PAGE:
madonna said:
Nancy,
--snipped---

Any consideration to selling the Volusia and the 400 to pay for the 650 or is that a sensitive topic in your house?


Madonna
The Volusia is Billy's bike-he his sold the other one to get the 400. He will sell the Volusia in 2 years when it's paid off and get a Nomad.
 

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Discussion Starter #12
Lapine Rider -- I'm not real sure how the taxes and stuff work, I know I could sell it myself and get more money than what the dealers around here would give on a trade. One dealer about 75 miles away gives SCRC discount and does not charge us for the dealer prep and all that.

Randy -- I like it. It does great however I really feel I need the larger one. At the Suzuki/Yamaha dealer I sat on several bikes and the added weight felt better to me.

Norm--it's riding season here all year round. :wink: I've put over 900 miles on it and that's more than I put on the Volusia in the same amount of time. The trip to Florida was worth it. I have been able to ride at least. And will continue to ride the 400 until I sell it or change my mind.

If it sells before I'm ready to buy then the money will just go into savings and I'll have to deal with it if that happens. The only 650 around here used has too many miles on it for my liking. Found a price of 6800 in Alabama. Closer than Florida.
 

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Good luck in _any_ event, Pinwheel. The very first thing I said in my first post on this subject was that if you could afford the swap and it would make you happy, there was no reason why not. Making yourself unhappy to save a few dimes you could afford to spend is poor economics, in my book.

Besides, I really enjoy your posts! :)
 

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That's exactly why I started with a 650 rather than a 400... because I know me! Never looked back or regretted getting a 650 for a sec!

Best advice: there's people who start with a 650 and find its too much bike for them and want to trade down to a 400. If you could find someone like that it'd be perfect for you!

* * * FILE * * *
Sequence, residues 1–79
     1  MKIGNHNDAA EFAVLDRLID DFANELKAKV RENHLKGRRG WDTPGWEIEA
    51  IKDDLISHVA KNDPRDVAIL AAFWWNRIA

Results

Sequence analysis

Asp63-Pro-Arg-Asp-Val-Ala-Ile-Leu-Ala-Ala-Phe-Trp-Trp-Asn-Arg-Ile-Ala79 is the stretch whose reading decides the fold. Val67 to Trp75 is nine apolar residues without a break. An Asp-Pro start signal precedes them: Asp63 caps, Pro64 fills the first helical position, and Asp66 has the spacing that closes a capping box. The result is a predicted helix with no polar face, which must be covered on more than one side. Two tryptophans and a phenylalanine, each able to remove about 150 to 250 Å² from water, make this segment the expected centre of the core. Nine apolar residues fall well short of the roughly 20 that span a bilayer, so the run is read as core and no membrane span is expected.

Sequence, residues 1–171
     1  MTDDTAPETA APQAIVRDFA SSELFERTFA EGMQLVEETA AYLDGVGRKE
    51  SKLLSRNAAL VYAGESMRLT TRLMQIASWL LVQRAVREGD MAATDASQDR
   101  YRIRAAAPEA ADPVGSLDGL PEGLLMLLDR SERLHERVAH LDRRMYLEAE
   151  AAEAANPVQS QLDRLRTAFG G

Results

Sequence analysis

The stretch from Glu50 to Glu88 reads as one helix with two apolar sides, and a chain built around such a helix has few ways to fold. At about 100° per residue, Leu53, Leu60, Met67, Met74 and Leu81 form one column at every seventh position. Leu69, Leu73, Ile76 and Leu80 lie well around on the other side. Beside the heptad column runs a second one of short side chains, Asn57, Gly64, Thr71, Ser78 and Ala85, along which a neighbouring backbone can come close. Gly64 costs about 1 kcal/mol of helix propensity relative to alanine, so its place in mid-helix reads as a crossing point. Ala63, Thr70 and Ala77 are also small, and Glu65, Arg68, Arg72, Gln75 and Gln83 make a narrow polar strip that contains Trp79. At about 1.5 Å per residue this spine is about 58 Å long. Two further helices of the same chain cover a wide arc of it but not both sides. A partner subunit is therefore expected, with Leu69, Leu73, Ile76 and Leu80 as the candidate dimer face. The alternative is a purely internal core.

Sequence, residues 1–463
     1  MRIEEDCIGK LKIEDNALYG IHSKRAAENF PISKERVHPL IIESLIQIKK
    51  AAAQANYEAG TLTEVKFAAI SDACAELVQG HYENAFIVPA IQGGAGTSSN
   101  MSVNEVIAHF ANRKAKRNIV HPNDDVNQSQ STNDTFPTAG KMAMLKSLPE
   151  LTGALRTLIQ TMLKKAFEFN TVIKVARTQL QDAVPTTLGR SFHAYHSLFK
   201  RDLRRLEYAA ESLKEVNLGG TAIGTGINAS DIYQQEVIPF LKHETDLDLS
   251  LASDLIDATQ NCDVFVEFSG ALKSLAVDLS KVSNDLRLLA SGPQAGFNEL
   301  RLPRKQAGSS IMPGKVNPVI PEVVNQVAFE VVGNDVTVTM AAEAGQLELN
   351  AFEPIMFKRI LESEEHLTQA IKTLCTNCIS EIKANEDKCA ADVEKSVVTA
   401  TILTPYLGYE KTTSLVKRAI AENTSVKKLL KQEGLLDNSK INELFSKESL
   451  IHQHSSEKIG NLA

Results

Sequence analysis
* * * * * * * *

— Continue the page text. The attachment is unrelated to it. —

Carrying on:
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I have to agree with NY Bubba (Oh MYGawd!!! I'm agreeing with a Yankee!!) But then, you gotta do what you gotta do. As a thought though, keep riding the 400 and save toward the 650. I'd hate to see you in a situation where you give up the 400 then s**t happens (doesn't it always?) and you have no ride at all.
 

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Discussion Starter #16
Bummer---

So I decide to keep the Putterbug and not worry about a 650 due to cost issues and maybe next year the Executive model "may" be over here.
Well, my truck is acting up again(I think I bought a piece of junk) and to trade it off we need more down that what we have. Billy said to sell Putterbug and what we don't need for the new truck put in savings and maybe next summer I can get a 650.

I guess once I get enough saved up again I can see if someone from here is selling. I hope.

So if I sell the Putterbug I'll have to live through y'all stories for a few months. I may just buy another 400 and be happy that I have something I can ride.
 

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Listen, I keep justifying my 400 purchase, but you all are making it really REALLY difficult for me to keep the 400. Keep this talk up and I might have to move up a Lardy.

Seriously, if I can get my wife to ride the svelte rather than her Aprilia, I will be riding a 650.
 

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Discussion Starter #18
If I didn't need a new vehicle I wouldn't be selling my 400 right now.